Tuesday, 24 June 2014

The demise of greatness

Greatness is spontaneous; simplicity, trust in some one clear instinct, are essential to it; but the spontaneous variation must be in the direction of some possible sort of order; it must exclude and leave behind what is incapable of being moralised. How, then, should there be any great heroes, saints, artists, philosophers, or legislators in an age when nobody trusts himself, or feels any confidence in reason, in an age when the word dogmatic is a term of reproach? Greatness has character and severity, it is deep and sane, it is distinct and perfect. For this reason there is none of it to-day.

George Santayana - Winds Of Doctrine: Studies in Contemporary Opinion (1913)

It is not easy to relate Santayana's words to the modern world. For one thing, we no longer look for greatness beyond celebrity greatness. We have no real use for any other kind.

In any event, our secular society cannot exclude and leave behind what is incapable of being moralised because we are no longer able to make the distinction in any consistent sense.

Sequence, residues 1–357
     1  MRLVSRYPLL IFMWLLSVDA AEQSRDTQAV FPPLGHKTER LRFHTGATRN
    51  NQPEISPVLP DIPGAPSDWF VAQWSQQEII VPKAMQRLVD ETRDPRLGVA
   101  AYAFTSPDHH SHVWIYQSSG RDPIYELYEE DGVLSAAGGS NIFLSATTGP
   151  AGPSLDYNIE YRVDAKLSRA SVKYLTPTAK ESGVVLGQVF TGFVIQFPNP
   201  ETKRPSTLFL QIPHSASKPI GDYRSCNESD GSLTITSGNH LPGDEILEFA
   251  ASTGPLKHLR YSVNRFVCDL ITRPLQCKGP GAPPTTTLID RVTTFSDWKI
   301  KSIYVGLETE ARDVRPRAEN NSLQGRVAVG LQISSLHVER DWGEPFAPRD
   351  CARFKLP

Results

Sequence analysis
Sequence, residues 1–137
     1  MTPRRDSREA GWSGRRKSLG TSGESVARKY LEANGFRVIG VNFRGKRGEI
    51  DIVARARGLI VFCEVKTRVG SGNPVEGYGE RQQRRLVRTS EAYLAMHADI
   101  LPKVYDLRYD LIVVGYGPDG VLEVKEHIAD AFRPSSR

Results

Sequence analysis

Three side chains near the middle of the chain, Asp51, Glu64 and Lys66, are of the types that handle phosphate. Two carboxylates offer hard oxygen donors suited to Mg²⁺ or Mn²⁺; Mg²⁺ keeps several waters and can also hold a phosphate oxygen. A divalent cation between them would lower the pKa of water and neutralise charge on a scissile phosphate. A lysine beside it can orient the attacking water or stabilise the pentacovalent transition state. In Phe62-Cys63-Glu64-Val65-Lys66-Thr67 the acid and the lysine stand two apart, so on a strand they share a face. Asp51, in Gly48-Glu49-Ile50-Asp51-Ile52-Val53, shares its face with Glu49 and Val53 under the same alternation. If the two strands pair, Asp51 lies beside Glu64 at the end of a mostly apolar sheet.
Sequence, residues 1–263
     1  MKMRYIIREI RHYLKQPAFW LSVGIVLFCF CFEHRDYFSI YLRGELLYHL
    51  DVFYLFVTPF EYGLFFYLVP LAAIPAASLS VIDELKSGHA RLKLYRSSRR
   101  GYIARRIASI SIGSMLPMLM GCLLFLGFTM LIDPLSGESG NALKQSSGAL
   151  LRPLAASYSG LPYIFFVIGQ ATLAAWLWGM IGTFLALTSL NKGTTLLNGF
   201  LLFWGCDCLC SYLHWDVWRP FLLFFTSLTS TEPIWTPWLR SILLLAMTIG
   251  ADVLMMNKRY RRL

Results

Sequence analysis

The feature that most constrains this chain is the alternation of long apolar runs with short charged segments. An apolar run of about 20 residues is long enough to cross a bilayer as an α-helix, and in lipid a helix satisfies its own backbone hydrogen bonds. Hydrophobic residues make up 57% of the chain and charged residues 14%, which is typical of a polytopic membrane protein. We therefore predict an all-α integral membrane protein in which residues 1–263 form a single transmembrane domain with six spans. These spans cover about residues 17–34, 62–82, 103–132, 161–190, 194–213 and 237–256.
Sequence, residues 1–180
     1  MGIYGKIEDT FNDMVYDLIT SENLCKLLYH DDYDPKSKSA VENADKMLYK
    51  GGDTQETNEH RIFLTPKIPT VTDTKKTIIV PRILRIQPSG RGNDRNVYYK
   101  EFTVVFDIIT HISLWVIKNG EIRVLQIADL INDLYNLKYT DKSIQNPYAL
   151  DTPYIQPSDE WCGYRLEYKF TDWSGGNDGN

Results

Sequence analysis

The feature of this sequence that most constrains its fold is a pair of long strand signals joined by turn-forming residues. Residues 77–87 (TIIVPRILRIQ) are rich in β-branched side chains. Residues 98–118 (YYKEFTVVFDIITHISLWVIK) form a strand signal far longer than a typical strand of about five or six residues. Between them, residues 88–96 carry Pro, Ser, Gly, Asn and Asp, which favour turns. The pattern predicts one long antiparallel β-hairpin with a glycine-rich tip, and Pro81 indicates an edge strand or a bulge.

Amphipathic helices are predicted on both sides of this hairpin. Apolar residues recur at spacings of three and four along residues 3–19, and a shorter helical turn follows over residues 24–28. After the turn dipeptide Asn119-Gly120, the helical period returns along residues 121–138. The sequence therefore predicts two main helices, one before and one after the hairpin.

The EU is incapable of being moralised for example, but I can't yet see us leaving that behind. On the other hand, defending our social traditions and national borders; presumably that is capable of being moralised. Maybe we no longer have the greatness to recognise it.

Maybe we'll get by without greatness, but from from Wimbledon to the World Cup, from over-complex taxation to lives wholly dominated by petty bureaucracy, I think there is indeed much we could usefully exclude and leave behind. It is certainly incapable of being moralised. 


Sackerson said...

In our age, we have unbundled greatness: admiration is split off for celbrities, power and influence for people who are contant to be shadowy or so far above as to be unreachable.

A K Haart said...

Sackers - yes, back seat driving seems to be characteristic of modern times. Ours is a furtive age.